Vanuatu’s Triumph at the UN: A Major Stride in International Climate Law

Vanuatu’s Triumph at the UN: A Major Stride in International Climate Law

On the 21st of May, 2024, Vanuatu marked a significant achievement in the global effort against climate change. The United Nations General Assembly unanimously endorsed Vanuatu’s proposal to request an advisory opinion from the International Court of Justice (ICJ) concerning the responsibilities of nations towards climate change mitigation and adaptation.

The Influence of an Advisory Opinion

The ICJ, located in The Hague, not only resolves disputes between states but also provides advisory opinions which clarify the implications of existing international treaties on contemporary issues. While these opinions are not directly enforceable, they wield considerable influence over national legal systems and governmental policies, thereby shaping future legal precedents.

During the General Assembly session, UN Secretary-General António Guterres outlined the potential benefits of the advisory opinion: “Such an opinion will guide the General Assembly, the entire UN framework, and its member states towards adopting more assertive and impactful climate measures that are urgently needed globally”.

The Determined Campaign of Vanuatu

Vanuatu’s climate change minister, Ralph Regenvanu, underlined the vital nature of this campaign for his nation: “Our very survival hinges on this. While our individual impact might be limited economically or politically, our membership in the UN empowers us to advocate for global change.”

Significantly, major global emitters such as the United States and China, did not obstruct the proposal. Both nations have been keen to extend their influence in the Pacific, where smaller nations like Vanuatu have been strategic players despite their modest economies and populations.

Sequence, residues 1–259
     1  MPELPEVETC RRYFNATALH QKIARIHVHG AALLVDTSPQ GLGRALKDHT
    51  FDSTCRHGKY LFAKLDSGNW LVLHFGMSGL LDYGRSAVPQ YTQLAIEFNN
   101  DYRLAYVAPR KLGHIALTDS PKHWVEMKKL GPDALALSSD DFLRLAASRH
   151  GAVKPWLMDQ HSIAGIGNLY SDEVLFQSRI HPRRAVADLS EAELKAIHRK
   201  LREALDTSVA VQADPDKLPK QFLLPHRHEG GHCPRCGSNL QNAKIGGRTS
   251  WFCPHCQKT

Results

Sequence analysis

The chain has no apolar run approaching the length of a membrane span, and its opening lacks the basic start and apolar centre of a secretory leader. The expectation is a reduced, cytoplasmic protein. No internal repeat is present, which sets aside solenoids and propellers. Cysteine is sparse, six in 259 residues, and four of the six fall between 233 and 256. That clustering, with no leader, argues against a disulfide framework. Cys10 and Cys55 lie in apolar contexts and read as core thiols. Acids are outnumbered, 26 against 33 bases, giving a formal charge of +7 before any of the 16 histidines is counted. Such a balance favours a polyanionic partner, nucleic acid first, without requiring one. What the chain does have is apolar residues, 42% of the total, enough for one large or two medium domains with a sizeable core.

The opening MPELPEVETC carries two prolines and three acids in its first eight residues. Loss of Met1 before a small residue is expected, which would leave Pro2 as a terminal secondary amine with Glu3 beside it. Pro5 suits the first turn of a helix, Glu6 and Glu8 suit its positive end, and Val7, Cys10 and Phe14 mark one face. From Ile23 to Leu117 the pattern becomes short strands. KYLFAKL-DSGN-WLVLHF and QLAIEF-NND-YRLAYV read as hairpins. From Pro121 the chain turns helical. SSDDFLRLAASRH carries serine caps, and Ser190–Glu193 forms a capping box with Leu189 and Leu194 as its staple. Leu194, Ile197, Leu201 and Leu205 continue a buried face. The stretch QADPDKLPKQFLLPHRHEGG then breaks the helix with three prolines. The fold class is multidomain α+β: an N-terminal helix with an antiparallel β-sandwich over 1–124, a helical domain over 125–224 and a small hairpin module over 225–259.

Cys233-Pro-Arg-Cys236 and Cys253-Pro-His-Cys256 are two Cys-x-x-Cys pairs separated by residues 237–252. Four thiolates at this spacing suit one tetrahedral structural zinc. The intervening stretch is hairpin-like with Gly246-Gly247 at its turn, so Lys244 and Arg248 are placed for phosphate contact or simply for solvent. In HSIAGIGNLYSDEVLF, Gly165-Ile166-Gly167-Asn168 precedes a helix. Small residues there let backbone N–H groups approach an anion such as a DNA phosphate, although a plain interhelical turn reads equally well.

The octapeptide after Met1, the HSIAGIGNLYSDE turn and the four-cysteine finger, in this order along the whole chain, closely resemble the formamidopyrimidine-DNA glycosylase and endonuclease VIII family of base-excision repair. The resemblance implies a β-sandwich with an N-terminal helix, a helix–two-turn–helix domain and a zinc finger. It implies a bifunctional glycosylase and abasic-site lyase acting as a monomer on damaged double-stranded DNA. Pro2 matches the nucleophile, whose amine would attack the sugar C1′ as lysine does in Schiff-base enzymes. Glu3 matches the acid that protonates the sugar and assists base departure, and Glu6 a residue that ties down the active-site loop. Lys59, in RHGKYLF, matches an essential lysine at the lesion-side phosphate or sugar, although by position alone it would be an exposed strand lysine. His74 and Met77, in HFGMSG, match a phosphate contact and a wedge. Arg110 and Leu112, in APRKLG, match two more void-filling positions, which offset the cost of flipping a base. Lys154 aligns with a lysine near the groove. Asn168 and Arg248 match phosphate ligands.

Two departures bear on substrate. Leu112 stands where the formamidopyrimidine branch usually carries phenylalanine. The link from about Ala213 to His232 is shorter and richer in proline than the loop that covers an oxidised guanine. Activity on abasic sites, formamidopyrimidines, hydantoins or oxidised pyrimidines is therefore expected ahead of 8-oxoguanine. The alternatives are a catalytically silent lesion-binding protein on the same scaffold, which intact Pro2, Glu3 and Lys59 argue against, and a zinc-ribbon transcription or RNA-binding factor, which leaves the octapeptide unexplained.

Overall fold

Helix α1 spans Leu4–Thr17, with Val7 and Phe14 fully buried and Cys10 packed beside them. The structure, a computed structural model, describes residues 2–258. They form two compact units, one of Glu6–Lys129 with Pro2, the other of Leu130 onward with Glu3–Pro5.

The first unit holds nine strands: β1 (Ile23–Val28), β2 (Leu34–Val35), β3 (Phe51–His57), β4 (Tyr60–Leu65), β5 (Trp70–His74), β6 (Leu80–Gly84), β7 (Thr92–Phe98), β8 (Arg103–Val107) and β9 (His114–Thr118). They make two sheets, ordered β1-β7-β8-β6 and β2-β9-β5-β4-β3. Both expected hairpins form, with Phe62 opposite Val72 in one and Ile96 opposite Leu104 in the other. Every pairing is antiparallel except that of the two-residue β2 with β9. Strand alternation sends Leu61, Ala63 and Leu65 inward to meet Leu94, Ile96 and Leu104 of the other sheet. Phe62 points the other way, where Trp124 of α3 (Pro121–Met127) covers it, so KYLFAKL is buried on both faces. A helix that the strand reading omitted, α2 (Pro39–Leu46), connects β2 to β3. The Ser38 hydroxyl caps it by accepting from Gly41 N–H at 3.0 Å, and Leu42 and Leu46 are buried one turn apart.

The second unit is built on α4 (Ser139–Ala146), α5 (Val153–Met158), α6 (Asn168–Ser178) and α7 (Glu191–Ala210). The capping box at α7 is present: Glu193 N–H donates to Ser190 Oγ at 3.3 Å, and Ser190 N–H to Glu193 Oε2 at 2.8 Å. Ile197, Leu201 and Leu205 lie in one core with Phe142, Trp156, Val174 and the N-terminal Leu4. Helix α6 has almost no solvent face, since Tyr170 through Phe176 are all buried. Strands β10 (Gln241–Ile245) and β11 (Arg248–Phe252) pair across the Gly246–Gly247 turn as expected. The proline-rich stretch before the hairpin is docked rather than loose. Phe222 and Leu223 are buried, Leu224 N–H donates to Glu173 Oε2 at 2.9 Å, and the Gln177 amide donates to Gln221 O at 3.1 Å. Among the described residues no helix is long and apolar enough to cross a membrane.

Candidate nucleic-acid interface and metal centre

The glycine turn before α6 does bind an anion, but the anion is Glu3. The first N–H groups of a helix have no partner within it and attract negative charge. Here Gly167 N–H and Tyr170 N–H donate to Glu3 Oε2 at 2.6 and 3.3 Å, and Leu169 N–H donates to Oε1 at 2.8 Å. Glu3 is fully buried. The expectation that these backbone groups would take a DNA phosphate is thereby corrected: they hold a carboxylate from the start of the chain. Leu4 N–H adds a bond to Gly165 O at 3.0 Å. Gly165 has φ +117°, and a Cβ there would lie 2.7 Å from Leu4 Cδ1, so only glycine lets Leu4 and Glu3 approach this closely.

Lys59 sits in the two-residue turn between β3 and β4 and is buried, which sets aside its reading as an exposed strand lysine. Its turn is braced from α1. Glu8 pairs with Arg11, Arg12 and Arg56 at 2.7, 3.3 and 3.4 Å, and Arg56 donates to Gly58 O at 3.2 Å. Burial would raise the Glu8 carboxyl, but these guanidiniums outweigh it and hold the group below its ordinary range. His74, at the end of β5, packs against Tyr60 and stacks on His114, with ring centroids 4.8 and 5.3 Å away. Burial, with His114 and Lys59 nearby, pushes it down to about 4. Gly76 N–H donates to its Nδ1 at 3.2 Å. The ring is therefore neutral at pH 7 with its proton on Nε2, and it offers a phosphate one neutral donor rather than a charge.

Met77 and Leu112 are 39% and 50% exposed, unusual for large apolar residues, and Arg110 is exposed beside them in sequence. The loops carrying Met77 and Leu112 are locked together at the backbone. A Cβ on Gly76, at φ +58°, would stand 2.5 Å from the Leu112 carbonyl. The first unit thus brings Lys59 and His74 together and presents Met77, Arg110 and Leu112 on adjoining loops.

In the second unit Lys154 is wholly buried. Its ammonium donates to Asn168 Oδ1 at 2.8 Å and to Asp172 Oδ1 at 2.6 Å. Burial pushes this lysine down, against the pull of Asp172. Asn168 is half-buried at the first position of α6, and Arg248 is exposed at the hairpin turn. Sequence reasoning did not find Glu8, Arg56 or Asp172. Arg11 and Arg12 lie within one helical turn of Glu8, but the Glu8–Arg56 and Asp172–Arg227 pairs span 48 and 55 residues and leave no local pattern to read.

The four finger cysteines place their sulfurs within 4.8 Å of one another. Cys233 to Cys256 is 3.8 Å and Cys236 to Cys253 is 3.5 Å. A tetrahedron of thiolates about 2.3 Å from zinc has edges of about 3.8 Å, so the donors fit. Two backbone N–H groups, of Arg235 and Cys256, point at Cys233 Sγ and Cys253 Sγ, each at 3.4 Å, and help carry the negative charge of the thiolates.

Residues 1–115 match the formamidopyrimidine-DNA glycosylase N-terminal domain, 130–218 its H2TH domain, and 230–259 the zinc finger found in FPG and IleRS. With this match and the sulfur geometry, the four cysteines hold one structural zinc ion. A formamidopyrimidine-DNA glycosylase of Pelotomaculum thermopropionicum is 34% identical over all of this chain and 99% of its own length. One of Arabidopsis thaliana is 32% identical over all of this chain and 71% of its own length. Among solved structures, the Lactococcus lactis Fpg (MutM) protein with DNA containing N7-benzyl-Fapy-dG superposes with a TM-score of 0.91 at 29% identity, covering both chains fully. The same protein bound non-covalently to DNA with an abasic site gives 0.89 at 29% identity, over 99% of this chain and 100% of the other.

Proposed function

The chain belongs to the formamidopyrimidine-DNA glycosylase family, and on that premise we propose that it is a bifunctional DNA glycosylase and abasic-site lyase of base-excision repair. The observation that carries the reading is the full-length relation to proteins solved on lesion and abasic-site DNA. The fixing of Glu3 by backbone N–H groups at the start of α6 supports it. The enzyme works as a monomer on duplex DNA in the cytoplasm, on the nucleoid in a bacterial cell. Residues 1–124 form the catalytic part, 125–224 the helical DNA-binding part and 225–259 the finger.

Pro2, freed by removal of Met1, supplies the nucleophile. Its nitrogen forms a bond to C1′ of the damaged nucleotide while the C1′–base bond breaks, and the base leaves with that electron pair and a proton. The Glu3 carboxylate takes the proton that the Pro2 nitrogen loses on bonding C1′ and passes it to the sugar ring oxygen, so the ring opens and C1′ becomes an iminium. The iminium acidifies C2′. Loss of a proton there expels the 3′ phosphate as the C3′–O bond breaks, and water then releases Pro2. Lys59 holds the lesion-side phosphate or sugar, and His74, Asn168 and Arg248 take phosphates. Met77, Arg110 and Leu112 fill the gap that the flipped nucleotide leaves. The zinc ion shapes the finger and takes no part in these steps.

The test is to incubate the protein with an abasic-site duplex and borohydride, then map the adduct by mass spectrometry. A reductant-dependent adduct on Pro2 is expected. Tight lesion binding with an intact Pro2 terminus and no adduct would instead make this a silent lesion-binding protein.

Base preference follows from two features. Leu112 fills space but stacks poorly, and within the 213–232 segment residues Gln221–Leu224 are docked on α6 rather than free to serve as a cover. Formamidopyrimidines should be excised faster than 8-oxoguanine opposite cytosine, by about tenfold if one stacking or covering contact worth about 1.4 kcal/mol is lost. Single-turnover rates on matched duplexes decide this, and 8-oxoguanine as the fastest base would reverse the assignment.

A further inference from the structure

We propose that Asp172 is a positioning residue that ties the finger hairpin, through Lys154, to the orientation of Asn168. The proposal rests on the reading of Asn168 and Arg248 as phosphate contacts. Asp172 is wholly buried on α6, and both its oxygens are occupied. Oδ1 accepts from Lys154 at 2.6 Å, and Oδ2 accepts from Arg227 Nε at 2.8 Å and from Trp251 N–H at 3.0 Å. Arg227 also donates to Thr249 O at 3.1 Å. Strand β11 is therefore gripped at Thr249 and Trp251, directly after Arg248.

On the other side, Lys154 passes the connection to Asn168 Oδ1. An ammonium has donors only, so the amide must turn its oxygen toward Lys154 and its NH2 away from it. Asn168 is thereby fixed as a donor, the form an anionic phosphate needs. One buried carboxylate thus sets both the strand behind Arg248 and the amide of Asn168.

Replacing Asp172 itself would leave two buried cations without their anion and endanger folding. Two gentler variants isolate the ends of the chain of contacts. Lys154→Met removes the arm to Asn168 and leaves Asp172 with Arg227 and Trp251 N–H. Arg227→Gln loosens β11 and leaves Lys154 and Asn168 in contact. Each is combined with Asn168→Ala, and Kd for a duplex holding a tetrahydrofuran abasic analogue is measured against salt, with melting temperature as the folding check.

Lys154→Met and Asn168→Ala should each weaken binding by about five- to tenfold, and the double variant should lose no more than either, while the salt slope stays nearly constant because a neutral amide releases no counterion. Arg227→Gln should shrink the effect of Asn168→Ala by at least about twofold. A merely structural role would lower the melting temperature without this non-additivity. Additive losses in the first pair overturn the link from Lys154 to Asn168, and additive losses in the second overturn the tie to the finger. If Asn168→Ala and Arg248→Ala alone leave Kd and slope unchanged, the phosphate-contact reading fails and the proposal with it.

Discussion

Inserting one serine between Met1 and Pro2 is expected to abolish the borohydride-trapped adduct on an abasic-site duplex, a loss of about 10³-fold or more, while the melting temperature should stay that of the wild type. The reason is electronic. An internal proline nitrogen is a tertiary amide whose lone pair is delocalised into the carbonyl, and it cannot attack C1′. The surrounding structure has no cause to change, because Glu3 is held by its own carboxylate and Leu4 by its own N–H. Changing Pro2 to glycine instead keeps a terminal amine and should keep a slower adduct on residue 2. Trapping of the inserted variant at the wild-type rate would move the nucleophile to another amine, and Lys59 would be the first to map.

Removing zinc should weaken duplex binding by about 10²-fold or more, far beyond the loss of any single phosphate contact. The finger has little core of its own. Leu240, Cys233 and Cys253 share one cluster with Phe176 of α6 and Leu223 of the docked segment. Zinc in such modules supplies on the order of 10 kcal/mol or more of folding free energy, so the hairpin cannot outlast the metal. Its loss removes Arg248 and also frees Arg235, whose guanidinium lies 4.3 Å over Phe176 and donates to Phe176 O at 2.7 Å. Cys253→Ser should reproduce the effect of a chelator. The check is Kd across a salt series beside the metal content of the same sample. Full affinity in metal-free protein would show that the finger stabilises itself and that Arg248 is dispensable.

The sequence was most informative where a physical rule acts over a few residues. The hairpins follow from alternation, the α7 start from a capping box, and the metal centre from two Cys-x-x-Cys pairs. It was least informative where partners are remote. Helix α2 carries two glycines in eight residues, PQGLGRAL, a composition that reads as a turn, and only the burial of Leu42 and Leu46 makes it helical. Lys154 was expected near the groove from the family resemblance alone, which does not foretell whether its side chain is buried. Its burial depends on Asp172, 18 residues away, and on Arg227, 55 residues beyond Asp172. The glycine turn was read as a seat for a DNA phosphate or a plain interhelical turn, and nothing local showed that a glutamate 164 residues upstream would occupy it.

The roots of this campaign can be traced back to a classroom at the University of the South Pacific in Fiji, where law students realised the potential impact of an ICJ advisory opinion to drive forward climate justice.

Historical Verdict by the International Tribunal for the Law of the Sea (ITLOS)

In an equally pivotal development on May 22, 2024, nine small island nations, including Vanuatu, achieved a historic victory at the International Tribunal for the Law of the Sea (ITLOS). The tribunal acknowledged that state obligations under the United Nations Convention on the Law of the Sea (UNCLOS) to prevent marine pollution also pertain to greenhouse gas emissions which contribute to harmful changes in oceanic and atmospheric conditions.

This precedent-setting opinion by ITLOS marks the first instance where the tribunal has addressed climate change and oceanic health, involving nations such as Antigua and Barbuda, Niue, Palau, St. Kitts and Nevis, St. Lucia, St. Vincent and the Grenadines, Tuvalu, and Vanuatu.


  1. UN General Assembly unanimously supports Vanuatu’s appeal for ICJ advisory opinion on climate obligations
  2. ITLOS declares greenhouse gases as marine pollutants
  3. Vanuatu’s climate change minister emphasizes the significance of the ICJ advisory opinion for the nation’s survival
  4. Victory for nine small island states at ITLOS in a landmark climate ruling

These landmark decisions at the UN General Assembly and ITLOS represent pivotal advancements in international climate law, providing a basis for further legal challenges and encouraging governments and judiciary systems worldwide to adopt more stringent measures against major polluters.

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Category / Vanuatu Citizenship


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